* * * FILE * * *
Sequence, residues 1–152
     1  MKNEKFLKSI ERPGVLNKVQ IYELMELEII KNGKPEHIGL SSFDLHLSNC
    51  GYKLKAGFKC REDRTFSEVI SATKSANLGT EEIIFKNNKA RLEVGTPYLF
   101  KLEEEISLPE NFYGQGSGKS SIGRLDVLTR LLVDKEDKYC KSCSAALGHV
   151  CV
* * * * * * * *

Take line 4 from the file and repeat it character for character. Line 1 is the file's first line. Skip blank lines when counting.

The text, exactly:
   101  KLEEEISLPE NFYGQGSGKS SIGRLDVLTR LLVDKEDKYC KSCSAALGHV